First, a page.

By Katheryn Rivas
Learning and using new words can be one of the great pleasures of language. While university courses can help you to build your vocabulary, seeking out words, wordplay, and information is essential to becoming a true word nerd. These online tools can help you along, making it simple to learn new words, find out where they came from and just plain play with words.
Check out these sites to build vocab, learn about words or make up your own.
- Word Finder: Whether you’re doing a crossword puzzle or just trying to remember a word, this tool can help.
- Save the Words: Help save an endangered word through this site by adopting one of your own.
- Wordnik: This site lets you look up words and find definitions, etymologies, pronunciations and more.
- Vocabulary.com: Use the tools on this site to build an impressive vocabulary.
- Wordle: Generate word clouds from words that you enter into this site–a great way to display the words you love or make graphics for a site.
- Word Spy: This site lists new vocabulary words for you every day, often ones you wouldn’t have heard before.
- A Word A Day: Make sure you’re constantly learning new words with this site that lists a new word each day.
- Mondo Facto: Here you’ll find tools to solve anagrams, crosswords and Scrabble, as well as a word visualizer, dictionary and word finder.
- Morpheme Machine: Combine morphemes to create your own words with this tool.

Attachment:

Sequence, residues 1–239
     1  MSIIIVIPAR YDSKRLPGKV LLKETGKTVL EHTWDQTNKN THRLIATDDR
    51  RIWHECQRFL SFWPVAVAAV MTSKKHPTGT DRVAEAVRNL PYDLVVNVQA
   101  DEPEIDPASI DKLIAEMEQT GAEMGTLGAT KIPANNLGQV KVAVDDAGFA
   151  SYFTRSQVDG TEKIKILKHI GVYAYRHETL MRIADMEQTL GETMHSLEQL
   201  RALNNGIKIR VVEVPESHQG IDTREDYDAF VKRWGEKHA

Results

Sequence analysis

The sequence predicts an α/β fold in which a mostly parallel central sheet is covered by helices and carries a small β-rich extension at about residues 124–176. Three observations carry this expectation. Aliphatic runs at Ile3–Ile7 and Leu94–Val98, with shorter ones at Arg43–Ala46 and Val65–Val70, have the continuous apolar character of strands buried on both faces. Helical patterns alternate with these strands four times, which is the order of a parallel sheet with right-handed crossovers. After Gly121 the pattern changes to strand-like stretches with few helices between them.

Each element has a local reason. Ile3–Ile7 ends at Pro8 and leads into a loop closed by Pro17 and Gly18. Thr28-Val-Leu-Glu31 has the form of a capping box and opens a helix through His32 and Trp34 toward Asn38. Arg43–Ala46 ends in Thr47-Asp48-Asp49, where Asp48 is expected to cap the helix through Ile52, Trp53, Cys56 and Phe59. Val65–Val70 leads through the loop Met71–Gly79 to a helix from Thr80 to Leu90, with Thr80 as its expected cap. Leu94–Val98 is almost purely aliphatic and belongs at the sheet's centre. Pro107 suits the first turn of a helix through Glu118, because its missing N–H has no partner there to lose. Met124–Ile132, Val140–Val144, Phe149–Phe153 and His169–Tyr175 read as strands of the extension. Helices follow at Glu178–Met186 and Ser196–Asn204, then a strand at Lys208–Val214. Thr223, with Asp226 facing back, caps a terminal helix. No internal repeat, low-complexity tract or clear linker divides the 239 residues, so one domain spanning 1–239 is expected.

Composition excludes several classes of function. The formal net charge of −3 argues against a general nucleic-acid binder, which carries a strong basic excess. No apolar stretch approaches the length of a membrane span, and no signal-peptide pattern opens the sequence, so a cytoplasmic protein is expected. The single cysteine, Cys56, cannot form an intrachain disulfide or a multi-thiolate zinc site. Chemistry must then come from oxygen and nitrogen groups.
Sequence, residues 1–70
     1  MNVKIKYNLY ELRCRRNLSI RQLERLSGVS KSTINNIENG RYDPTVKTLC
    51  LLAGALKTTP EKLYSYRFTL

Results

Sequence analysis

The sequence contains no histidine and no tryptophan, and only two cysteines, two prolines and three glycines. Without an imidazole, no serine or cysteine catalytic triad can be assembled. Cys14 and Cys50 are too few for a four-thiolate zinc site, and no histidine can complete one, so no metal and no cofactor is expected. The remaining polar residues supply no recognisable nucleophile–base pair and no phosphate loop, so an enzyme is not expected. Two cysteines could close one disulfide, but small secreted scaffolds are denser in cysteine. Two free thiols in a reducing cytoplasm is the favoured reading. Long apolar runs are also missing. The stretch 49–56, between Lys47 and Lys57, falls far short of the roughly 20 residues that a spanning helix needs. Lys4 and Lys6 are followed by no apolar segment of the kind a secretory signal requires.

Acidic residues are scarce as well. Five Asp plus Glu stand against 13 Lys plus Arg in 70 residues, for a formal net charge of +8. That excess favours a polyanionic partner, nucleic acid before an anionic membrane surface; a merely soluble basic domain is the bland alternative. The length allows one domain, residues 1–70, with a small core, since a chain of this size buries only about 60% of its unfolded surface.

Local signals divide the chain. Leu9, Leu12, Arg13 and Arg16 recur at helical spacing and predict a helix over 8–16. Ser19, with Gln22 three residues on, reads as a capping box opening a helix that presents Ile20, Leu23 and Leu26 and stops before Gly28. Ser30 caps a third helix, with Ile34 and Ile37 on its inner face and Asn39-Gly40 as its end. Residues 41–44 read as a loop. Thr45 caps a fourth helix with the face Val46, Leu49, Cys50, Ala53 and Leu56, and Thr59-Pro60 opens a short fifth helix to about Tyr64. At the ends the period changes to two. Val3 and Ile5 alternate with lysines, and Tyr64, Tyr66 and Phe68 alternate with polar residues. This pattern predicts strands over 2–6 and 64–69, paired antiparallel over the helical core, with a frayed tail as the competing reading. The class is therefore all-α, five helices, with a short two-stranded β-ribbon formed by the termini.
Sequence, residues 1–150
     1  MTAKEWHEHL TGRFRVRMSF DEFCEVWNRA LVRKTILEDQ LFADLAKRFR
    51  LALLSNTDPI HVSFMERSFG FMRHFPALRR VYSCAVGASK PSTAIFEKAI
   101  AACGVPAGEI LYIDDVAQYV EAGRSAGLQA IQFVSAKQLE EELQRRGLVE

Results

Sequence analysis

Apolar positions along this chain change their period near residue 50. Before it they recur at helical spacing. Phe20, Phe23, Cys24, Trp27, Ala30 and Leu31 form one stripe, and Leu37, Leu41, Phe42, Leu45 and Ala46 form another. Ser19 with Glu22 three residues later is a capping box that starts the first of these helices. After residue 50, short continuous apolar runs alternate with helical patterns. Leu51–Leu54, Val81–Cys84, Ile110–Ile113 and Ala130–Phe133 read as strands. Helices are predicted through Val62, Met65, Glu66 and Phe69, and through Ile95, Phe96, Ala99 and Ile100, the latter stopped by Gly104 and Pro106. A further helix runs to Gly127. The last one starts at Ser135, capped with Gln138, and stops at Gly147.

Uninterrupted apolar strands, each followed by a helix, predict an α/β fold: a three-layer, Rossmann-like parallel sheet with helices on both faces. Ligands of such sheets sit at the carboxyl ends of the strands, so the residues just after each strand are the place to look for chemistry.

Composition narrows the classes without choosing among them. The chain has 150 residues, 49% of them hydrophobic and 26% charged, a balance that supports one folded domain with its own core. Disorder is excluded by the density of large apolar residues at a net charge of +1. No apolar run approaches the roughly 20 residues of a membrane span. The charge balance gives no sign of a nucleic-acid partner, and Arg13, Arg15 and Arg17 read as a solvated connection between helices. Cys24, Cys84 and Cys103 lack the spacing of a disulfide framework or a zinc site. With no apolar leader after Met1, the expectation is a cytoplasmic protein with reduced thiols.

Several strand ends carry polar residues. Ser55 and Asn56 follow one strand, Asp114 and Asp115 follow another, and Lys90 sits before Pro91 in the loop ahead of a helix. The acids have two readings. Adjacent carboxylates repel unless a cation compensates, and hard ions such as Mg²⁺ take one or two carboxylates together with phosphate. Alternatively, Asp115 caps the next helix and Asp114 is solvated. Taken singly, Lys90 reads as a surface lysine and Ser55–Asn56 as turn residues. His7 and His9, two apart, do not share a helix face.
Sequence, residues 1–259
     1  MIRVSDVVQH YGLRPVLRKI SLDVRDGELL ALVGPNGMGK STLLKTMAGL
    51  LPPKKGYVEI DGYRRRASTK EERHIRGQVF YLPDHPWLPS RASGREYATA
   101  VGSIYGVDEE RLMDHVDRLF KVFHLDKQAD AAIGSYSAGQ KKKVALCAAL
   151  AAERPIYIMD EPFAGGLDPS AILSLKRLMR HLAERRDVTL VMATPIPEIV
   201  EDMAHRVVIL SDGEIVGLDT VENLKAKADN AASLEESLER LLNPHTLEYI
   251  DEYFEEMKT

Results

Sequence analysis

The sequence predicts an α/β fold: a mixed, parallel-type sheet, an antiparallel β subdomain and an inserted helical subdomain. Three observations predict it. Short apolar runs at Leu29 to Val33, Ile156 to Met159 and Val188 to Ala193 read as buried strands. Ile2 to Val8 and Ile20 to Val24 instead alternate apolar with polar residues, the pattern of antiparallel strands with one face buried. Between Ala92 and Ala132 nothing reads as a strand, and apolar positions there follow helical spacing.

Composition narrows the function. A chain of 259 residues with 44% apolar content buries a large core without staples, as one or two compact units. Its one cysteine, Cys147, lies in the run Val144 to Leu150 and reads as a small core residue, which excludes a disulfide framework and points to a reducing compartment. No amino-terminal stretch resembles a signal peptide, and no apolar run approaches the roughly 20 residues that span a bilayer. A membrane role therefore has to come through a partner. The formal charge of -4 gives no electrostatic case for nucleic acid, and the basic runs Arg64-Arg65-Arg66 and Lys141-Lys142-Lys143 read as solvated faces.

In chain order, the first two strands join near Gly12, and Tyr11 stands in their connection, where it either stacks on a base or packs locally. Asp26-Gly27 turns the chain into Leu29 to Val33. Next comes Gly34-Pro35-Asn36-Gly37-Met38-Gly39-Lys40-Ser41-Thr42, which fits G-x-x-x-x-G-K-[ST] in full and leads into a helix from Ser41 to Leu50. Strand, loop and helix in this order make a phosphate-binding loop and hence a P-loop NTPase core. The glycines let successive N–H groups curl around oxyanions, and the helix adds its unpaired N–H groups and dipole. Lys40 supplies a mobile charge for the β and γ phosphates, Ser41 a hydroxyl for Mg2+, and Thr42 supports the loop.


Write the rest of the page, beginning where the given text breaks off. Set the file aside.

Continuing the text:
Have fun with your words using these tools.
- Crossword Clue Solver: If you’re struggling with a crossword puzzle, try out this helpful tool.
- Wordplays.com: From anagrams to Boggle, this site offers lots of fun ways to use words.
- Fun With Words: This site is full of ways to play games with words or read interesting articles about them.
- Word Games: Try out this site for hundreds of fun word games.
- Crossword Puzzles.com: Here, you’ll find links to more crosswords than you could possibly need.
Find out more about where words you use came from with these resources.
- World Wide Words: Ask questions and read articles all about word origins on this site.
- Online Etymology Dictionary: Look up your favorite words on this site to learn more about where they come from.
- The Word Detective: Find monthly publications on this site about etymology, allowing you to ask questions and have fun with words.
- Behind the Name: Learn where common and uncommon names alike came from using this site.
- Word Origins: This blog posts regularly about word origins and language history.
- Word Wizard: Find out more about the origins of English words on this site.
You can ensure you don’t look silly pronouncing words incorrectly by using these helpful online tools.
- Pronounce Extension: Try this extension for Firefox to learn how to pronounce pretty much anything.
- HowJSay: This tool will help you pronounce any word you enter in.
- Forvo: Want to know how to pronounce words in numerous languages? This amazing tool will help you with everything from Japanese to Polish.
- Inogolo: This site will help you ensure you’re pronouncing proper names correctly.